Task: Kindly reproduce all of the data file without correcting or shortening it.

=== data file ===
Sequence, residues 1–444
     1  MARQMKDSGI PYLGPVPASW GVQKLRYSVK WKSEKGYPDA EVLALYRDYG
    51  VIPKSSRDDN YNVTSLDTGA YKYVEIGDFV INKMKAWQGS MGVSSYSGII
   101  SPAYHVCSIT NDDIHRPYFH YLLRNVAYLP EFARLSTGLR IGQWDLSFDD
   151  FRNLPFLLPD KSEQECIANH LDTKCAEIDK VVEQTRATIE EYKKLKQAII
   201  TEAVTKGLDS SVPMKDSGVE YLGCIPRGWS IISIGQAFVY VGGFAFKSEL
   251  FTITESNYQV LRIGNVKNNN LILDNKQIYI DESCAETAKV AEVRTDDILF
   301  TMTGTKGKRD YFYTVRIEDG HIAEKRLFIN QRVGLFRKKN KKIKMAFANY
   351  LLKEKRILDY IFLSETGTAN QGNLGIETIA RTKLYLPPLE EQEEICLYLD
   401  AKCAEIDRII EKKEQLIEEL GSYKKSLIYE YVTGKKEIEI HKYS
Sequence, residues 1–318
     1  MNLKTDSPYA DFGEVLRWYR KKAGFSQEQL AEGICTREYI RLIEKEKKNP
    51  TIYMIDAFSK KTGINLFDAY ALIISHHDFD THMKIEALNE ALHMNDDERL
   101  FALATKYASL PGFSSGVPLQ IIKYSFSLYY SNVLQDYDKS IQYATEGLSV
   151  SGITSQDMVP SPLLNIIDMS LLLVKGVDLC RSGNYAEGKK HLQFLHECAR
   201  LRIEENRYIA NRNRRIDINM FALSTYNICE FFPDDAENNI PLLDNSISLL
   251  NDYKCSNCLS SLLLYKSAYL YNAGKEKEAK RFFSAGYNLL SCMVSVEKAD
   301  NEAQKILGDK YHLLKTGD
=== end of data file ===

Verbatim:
Sequence, residues 1–444
     1  MARQMKDSGI PYLGPVPASW GVQKLRYSVK WKSEKGYPDA EVLALYRDYG
    51  VIPKSSRDDN YNVTSLDTGA YKYVEIGDFV INKMKAWQGS MGVSSYSGII
   101  SPAYHVCSIT NDDIHRPYFH YLLRNVAYLP EFARLSTGLR IGQWDLSFDD
   151  FRNLPFLLPD KSEQECIANH LDTKCAEIDK VVEQTRATIE EYKKLKQAII
   201  TEAVTKGLDS SVPMKDSGVE YLGCIPRGWS IISIGQAFVY VGGFAFKSEL
   251  FTITESNYQV LRIGNVKNNN LILDNKQIYI DESCAETAKV AEVRTDDILF
   301  TMTGTKGKRD YFYTVRIEDG HIAEKRLFIN QRVGLFRKKN KKIKMAFANY
   351  LLKEKRILDY IFLSETGTAN QGNLGIETIA RTKLYLPPLE EQEEICLYLD
   401  AKCAEIDRII EKKEQLIEEL GSYKKSLIYE YVTGKKEIEI HKYS
Sequence, residues 1–318
     1  MNLKTDSPYA DFGEVLRWYR KKAGFSQEQL AEGICTREYI RLIEKEKKNP
    51  TIYMIDAFSK KTGINLFDAY ALIISHHDFD THMKIEALNE ALHMNDDERL
   101  FALATKYASL PGFSSGVPLQ IIKYSFSLYY SNVLQDYDKS IQYATEGLSV
   151  SGITSQDMVP SPLLNIIDMS LLLVKGVDLC RSGNYAEGKK HLQFLHECAR
   201  LRIEENRYIA NRNRRIDINM FALSTYNICE FFPDDAENNI PLLDNSISLL
   251  NDYKCSNCLS SLLLYKSAYL YNAGKEKEAK RFFSAGYNLL SCMVSVEKAD
   301  NEAQKILGDK YHLLKTGD